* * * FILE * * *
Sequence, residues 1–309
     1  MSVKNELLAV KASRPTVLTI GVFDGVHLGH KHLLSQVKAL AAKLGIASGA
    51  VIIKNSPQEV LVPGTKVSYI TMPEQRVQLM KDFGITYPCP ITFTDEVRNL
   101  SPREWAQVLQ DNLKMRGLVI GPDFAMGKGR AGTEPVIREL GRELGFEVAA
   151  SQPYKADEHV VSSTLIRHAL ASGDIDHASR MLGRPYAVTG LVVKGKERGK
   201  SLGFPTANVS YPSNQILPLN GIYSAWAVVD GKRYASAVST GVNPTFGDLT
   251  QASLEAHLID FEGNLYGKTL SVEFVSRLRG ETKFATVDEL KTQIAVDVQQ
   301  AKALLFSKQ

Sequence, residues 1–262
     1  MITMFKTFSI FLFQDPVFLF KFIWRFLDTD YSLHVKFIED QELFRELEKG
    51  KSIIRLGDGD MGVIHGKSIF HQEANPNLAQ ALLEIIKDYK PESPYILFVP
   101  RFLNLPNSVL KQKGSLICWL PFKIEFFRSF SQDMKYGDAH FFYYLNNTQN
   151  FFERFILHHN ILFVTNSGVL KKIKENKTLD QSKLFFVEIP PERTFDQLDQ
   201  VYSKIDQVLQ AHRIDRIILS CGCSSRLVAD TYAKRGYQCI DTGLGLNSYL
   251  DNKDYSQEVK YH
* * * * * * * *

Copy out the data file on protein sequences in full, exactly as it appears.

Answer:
Sequence, residues 1–309
     1  MSVKNELLAV KASRPTVLTI GVFDGVHLGH KHLLSQVKAL AAKLGIASGA
    51  VIIKNSPQEV LVPGTKVSYI TMPEQRVQLM KDFGITYPCP ITFTDEVRNL
   101  SPREWAQVLQ DNLKMRGLVI GPDFAMGKGR AGTEPVIREL GRELGFEVAA
   151  SQPYKADEHV VSSTLIRHAL ASGDIDHASR MLGRPYAVTG LVVKGKERGK
   201  SLGFPTANVS YPSNQILPLN GIYSAWAVVD GKRYASAVST GVNPTFGDLT
   251  QASLEAHLID FEGNLYGKTL SVEFVSRLRG ETKFATVDEL KTQIAVDVQQ
   301  AKALLFSKQ

Sequence, residues 1–262
     1  MITMFKTFSI FLFQDPVFLF KFIWRFLDTD YSLHVKFIED QELFRELEKG
    51  KSIIRLGDGD MGVIHGKSIF HQEANPNLAQ ALLEIIKDYK PESPYILFVP
   101  RFLNLPNSVL KQKGSLICWL PFKIEFFRSF SQDMKYGDAH FFYYLNNTQN
   151  FFERFILHHN ILFVTNSGVL KKIKENKTLD QSKLFFVEIP PERTFDQLDQ
   201  VYSKIDQVLQ AHRIDRIILS CGCSSRLVAD TYAKRGYQCI DTGLGLNSYL
   251  DNKDYSQEVK YH